In this week's issue of Nature, neuroscientists report that they've implicated a single gene mutation in Familiar Advanced Sleep Phase Syndrome (FASPS), or "early bird syndrome." Often, people who have this condition have no choice but to crash in the early evening and wake up long before dawn. From National Geographic News:
"The net result is you can feel very isolated," (FASPS sufferer Susan) Middlebrook said. "Who wants to party at three in the morning? Nobody I know, and I'm not headed to the local bar to see who's still there." Instead, she quietly cleans the house, makes breakfast, or cuddles up with a book.Link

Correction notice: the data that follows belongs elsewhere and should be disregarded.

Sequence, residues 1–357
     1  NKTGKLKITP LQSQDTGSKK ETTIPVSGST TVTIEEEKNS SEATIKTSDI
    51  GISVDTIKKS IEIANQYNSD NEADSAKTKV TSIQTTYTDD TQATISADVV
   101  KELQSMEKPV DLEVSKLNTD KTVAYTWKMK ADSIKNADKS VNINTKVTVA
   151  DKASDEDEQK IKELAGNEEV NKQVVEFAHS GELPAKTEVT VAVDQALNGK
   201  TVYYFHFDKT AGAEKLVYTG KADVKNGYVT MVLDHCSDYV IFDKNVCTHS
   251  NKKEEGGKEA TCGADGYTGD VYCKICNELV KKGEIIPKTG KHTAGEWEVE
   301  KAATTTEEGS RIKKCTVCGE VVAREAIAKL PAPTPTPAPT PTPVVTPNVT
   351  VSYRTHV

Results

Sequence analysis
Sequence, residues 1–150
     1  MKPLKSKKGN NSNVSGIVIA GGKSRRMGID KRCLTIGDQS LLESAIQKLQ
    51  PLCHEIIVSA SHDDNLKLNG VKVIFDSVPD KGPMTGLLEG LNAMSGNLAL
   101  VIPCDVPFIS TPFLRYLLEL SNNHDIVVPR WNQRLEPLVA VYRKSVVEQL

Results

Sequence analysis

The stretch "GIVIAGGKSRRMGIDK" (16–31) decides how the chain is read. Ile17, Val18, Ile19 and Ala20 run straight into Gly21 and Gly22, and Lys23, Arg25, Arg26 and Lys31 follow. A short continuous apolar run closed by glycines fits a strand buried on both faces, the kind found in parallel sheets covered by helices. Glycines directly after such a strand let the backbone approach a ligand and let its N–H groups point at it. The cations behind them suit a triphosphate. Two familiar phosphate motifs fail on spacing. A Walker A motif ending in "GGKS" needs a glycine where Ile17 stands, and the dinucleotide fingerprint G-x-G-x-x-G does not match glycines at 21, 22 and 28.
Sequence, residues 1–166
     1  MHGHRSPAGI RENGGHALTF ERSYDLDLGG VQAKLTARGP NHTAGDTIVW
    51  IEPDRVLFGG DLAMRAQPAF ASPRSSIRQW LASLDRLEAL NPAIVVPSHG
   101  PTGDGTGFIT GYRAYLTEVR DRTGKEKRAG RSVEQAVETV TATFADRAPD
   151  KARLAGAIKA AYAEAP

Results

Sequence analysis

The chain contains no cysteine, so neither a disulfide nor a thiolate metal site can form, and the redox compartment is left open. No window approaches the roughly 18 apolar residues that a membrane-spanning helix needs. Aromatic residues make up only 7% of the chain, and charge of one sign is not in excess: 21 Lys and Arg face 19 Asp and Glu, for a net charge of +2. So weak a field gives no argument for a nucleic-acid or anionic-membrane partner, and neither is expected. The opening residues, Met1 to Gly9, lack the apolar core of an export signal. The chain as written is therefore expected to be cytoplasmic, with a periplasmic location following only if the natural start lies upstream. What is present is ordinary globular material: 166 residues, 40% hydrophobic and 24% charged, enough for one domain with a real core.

About three-tenths of a percent of the world's population lives like this, including two of Middlebrook's sisters, her daughter, and her mother. "Their whole clock is shifted," said Ying-Hui Fu, a neuroscientist at the University of California, San Francisco...
The researchers are not yet certain how the gene mutation works to shift people's sleep time. But laboratory experiments suggest mutation slows the activity of a protein called casein kinase I delta (CKIdelta). "The next step is to figure out why," Fu said.
David Pescovitz is Boing Boing's co-editor/managing partner. He's also a research director at Institute for the Future. On Instagram, he's @pesco.